A report released by the World Meteorological Organization revealed that carbon dioxide emissions increased to 390.9 parts per million (ppm), up 30% since 1990.
“What it shows isn’t surprising, but it obviously has very important implications for the future well-being of the planet,” said Richard Allan of the Department of Meteorology at the UK's University of Reading.
Carbon dioxide is the No. 1 greenhouse gas emitted into the Earth’s atmosphere.
Kyoto Protocol resumes week-long conference
The Kyoto Protocol, an international agreement among 37 industrialized countries to reduce greenhouse gas emissions, will convene for its annual weeklong conference Monday to discuss new ways of combating climate change.
The protocol was signed in 1997 and is scheduled to end in 2012.
Extending the protocol will be discussed, but if a compromise is not reached, there may not be another international environment-related pact until 2020.
Lemmings extinct because of Ice Age warmth
New research shows that rapid climate change led to the extinction of lemmings, small rodents that inhabited the Arctic during the last Ice Age.
Their presence came in waves during the Late Pleistocene, 11,700 to 126,000 years ago. Experts believe they died out and then reappeared on several occasions in the span of 114,300 years.
The findings go against some suspicions suggesting that humans play a key factor in global warming.
Massive black hole gets a snack
A new NASA spacecraft captured an image of a giant black hole in the center of the Milky Way galaxy having a snack. And by "snack," we mean matter that happened to fall close enough to it to be sucked in by the black hole's tremendous gravitational pull.
"NuSTAR picked up X-rays emitted by matter being heated up to about 100 million degrees Celsius," said NASA in a statement. This high-energy radiation is what NuSTAR, an orbiting observatory, picked up.
“We got lucky and captured an outburst from the black hole during our first observing campaign,” Fiona Harrison, the mission's principal investigator at the California Institute of Technology, said in a NASA statement.
This observation is important because scientists want to know why the black hole in the center of the Milky Way is relatively quiet; we don't know that it eats a whole lot. Other black holes eat up a lot more matter. It's possible that our black hole is eating primarily asteroids, and small space rocks, but more research is needed to make firm conclusions.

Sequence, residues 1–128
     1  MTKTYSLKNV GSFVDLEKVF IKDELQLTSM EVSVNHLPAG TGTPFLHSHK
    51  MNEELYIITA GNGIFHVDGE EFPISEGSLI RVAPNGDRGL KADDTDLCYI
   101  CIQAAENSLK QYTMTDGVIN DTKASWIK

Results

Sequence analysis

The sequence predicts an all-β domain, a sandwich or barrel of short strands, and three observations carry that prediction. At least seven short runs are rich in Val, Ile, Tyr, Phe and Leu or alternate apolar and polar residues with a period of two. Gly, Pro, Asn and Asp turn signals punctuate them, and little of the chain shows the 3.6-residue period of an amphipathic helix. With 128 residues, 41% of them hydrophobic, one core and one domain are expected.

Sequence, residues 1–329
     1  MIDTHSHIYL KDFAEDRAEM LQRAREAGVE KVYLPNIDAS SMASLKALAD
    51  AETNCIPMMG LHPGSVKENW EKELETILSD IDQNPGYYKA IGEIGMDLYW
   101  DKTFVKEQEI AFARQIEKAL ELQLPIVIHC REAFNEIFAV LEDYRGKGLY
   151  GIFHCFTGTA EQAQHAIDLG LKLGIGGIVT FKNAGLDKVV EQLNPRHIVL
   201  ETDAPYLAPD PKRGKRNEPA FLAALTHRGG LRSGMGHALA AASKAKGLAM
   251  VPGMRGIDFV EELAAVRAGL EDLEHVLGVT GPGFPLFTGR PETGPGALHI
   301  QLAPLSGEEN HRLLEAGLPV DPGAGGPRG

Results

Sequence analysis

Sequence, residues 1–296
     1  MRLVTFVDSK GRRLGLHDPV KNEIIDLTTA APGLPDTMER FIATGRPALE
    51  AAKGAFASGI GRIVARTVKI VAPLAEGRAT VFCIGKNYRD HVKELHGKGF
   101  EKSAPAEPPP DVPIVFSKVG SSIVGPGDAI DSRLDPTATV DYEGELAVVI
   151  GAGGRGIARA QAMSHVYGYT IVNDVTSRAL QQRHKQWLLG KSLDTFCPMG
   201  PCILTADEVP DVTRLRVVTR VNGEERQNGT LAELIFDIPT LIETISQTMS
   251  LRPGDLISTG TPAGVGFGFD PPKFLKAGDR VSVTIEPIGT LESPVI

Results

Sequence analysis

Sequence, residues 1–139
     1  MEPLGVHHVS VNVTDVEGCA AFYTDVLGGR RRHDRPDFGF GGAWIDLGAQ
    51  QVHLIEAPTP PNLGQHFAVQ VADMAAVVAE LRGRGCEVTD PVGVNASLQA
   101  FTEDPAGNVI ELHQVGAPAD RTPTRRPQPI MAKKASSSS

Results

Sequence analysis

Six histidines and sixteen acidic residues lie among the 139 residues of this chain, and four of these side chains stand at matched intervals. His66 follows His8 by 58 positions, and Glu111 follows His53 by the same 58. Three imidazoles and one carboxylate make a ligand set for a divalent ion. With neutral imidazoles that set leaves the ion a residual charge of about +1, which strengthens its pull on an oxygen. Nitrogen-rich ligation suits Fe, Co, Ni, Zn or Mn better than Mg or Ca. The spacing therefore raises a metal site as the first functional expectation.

SpaceX billionaire Elon Musk plans to colonize Mars
Elon Musk, founder and CEO of private space flight company SpaceX, wants to set up a Mars colony, Scientific American reports.
Musk’s vision is to take thousands of people on a trip to Mars, aboard a reusable rocket powered by liquid oxygen and methane. This would be an opportunity for people to build transparent domes so that Earth crops could grow on the Red Planet. The colonists would bring equipment to produce fertilizer, methane and oxygen while in space.
At a ticket price of $500,000, the Mars Settlement Program would consist of up to 80,000 people starting with a group of 10 people or less per trip to explore the Red Planet.
Musk hopes to transport more people and less equipment in the future if the Mars Colony is successful.
A year long space station mission is set for 2015
NASA and Roscosmos have appointed veteran astronaut Scott Kelly and veteran cosmonaut Mikhail Kornienko to undertake a year-long mission aboard the international space station in 2015. This marks the longest stay in space ever for an American, CNN reports.
“The one-year increment will expand the bounds of how we live and work in space,” William Gerstenmaier, associate administrator for Human Exploration and Operations said in a statement.
By Mark Morgenstein, CNN
For potential power sources on space flights beyond the horizon, scientists are looking back to the future.
A team of NASA and Department of Energy researchers has shown that a reliable nuclear reactor based on technology that's been around for decades could be used in spaceships, according to a news release from the Los Alamos National Laboratory, where some of the researchers are based.
The news release says the team used "heat pipe technology," which was invented at Los Alamos in 1963, and uses a heat pipe to cool a small nuclear reactor and power a Stirling engine, producing 24 watts of electricity.
By Elizabeth Landau, CNN